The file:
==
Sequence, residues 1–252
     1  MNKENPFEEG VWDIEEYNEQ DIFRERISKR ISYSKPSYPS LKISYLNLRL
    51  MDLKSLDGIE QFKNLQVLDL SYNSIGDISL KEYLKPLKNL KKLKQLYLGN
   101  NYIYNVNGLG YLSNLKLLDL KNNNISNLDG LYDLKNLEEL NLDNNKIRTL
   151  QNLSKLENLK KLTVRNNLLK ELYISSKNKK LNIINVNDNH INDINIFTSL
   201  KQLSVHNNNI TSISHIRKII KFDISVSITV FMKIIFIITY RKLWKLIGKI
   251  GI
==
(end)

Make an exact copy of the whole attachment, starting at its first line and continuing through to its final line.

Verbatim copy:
Sequence, residues 1–252
     1  MNKENPFEEG VWDIEEYNEQ DIFRERISKR ISYSKPSYPS LKISYLNLRL
    51  MDLKSLDGIE QFKNLQVLDL SYNSIGDISL KEYLKPLKNL KKLKQLYLGN
   101  NYIYNVNGLG YLSNLKLLDL KNNNISNLDG LYDLKNLEEL NLDNNKIRTL
   151  QNLSKLENLK KLTVRNNLLK ELYISSKNKK LNIINVNDNH INDINIFTSL
   201  KQLSVHNNNI TSISHIRKII KFDISVSITV FMKIIFIITY RKLWKLIGKI
   251  GI